It’s early August and I’m feeling wistful. I just turned another year older and I’m already anticipating the end of summer. While I’m reticent to acknowledge another birthday, I remind myself of the alternative of not chalking up one more year.
Can humanism be defined in a nutshell? I’m not so sure. Most of us are hard pressed to concisely explain humanism to the uninitiated when asked. We don’t have our elevator speeches down cold. And we’re not predisposed to soundbites. That characteristic may be lacking in the DNA of the average humanist. 😊
It is May 2018 and I am still trying to process the political events of November 2016. Similar to other life events people experience, like the sudden loss of a job or the ending of a relationship, the election of Trump left me disoriented, confused, angry.
What if everyone in the world were an atheist? Would our problems be solved? Hardly. Would the world be a better place? I’d like to think so, but the evidence to date is inconclusive. Throughout history awful things have been done in the name of religion as well as positive things. Likewise, awful deeds have been done by the godless as well as noble deeds for the well-being of all.
I find discussions about the “end of work” due to artificial intelligence and automation just a tad overstated and dire. But then, by my sights, it’s mostly men who are sounding the alarm. Perhaps that’s because men have been defining work for far too long.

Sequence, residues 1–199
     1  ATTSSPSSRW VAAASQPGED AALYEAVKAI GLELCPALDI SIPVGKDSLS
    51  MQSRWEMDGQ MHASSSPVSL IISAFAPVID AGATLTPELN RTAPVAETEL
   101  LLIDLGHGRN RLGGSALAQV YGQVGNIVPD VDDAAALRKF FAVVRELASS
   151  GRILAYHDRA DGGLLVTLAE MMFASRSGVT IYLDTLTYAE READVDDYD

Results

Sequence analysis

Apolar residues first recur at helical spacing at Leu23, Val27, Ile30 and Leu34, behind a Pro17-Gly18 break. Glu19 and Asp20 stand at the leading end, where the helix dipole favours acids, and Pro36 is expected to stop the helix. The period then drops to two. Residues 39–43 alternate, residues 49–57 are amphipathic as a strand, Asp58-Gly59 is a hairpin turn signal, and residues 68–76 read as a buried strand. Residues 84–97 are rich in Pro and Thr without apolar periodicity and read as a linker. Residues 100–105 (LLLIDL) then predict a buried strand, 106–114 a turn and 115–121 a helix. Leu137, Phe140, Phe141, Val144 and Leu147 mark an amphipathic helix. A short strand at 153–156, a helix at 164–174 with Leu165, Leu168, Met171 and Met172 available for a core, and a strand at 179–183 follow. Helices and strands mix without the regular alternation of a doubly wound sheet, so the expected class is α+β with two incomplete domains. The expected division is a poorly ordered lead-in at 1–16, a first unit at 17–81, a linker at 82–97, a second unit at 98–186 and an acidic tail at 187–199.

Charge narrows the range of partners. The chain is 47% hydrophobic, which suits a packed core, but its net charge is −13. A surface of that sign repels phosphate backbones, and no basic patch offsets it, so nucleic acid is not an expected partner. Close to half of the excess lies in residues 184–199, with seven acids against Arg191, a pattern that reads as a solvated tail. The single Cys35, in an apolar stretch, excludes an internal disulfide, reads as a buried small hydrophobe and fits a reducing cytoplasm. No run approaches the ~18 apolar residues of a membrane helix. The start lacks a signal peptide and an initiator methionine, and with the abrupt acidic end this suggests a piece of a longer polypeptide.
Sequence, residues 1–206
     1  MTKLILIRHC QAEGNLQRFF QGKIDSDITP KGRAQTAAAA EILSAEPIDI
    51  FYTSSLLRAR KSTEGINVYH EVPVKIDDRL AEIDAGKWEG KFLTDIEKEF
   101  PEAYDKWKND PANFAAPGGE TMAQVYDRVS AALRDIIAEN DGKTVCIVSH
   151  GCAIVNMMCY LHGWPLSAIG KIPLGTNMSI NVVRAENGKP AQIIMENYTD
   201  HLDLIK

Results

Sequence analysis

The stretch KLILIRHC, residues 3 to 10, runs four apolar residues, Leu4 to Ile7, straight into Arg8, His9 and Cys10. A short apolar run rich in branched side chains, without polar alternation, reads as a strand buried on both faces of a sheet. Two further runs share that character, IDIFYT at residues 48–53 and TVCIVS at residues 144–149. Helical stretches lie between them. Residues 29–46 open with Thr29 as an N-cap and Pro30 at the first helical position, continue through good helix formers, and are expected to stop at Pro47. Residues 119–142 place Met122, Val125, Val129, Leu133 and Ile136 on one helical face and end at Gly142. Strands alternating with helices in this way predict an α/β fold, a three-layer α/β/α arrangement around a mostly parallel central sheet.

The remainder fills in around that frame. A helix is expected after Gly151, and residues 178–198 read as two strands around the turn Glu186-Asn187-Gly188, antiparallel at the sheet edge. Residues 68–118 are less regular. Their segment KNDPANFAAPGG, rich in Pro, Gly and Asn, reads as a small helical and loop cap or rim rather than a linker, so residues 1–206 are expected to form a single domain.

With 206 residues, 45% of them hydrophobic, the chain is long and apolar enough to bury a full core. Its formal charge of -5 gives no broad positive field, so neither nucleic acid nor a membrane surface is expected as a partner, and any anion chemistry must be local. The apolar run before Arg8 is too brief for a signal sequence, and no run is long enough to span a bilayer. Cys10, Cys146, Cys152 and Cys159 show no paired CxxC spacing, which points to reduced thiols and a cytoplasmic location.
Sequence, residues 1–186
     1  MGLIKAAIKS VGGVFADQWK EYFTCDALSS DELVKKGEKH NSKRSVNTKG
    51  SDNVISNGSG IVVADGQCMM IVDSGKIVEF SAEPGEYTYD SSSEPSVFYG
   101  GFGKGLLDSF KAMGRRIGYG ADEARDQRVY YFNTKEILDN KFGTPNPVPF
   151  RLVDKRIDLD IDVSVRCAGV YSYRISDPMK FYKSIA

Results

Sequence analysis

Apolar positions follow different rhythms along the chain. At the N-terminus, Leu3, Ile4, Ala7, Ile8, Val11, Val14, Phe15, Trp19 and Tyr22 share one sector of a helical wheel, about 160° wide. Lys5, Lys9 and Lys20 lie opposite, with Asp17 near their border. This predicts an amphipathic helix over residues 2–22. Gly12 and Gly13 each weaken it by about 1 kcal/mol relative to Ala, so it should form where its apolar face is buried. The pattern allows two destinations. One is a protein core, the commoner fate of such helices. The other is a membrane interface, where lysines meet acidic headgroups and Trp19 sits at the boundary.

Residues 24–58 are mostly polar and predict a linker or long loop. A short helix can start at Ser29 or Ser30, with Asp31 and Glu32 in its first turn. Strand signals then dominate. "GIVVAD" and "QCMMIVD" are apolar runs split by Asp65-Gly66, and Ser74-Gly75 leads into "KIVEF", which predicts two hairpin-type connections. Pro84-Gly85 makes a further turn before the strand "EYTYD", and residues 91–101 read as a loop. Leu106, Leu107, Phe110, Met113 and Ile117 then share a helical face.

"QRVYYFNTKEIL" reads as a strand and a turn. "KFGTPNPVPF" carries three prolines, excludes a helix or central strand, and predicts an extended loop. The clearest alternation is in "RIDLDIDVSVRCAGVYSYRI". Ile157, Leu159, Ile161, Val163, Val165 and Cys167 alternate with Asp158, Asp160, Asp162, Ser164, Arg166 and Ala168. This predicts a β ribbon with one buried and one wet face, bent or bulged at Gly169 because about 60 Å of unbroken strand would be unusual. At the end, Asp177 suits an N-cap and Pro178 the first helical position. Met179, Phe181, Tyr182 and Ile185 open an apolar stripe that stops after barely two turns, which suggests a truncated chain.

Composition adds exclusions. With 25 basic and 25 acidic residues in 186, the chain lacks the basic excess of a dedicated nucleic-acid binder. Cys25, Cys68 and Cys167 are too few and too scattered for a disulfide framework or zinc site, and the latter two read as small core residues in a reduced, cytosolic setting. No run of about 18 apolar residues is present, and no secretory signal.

The year 2017 brought many new developments to Humanists of Minnesota. These efforts took a lot of work on the back end for the Board and diligent member-volunteers, but for the record and the benefit of the entire membership, here’s an overview of what transpired this past year.
Many of you reading this are likely familiar with the late writer and purported philosopher Ayn Rand, even if you have never actually read any of her articles or books. The privileged daughter of a prosperous businessman in St. Petersburg, Russia, her family lost it all in the Bolshevik Revolution of 1917.
A key principle of humanism is rejection of the belief that a supernatural force or being is responsible for what happens on Earth (or anywhere in the universe for that matter). When it comes to politics, however, I’m not so sure anymore.
Recently I traveled abroad for the first time in my life. My trip to Germany and Amsterdam with my husband as companion was wonderful! I can now better understand why so many are smitten by the lure of travel.
Humanism as a worldview serves as that kind of moral compass. It doesn’t offer perfection through its method or in its results. As a life stance, it doesn’t turn its adherents into saints. But it functions as a very useful and time-tested guide—to lead us toward a better life for all.
The concept of “justice” itself seems elusive – especially in a police shooting of an innocent man. So many people are unsatisfied by the outcome of the Yanez trial because given the harm done to Philando Castile and his family, justice seems not to have been fairly or proportionally rendered.
The “wall of separation” between church and state grew out of the first amendment – as most any student of American history knows. But like so many other constitutional issues, the anti-establishment clause remains open to interpretation even today.
The Supreme Court confirmation process for Neil Gorsuch is currently underway. As an engaged citizen, I have listened with great interest to much of the Senate hearings. As a former civics teacher, I shudder to think what little understanding of judicial philosophy, the role of the Supreme Court and our history as a nation is brought to bear on these hearings.
There was an election, and an inauguration. Then a transition of governmental power. Followed immediately thereafter with some mammoth marches. Wow! Many kinds of power have been on display the past few weeks.